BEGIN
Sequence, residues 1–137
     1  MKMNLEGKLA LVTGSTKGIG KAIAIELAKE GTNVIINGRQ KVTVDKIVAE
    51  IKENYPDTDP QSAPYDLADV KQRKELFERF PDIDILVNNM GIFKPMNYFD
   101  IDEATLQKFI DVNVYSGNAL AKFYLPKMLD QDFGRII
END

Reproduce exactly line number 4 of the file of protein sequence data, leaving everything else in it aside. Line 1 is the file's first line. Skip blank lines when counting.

   101  IDEATLQKFI DVNVYSGNAL AKFYLPKMLD QDFGRII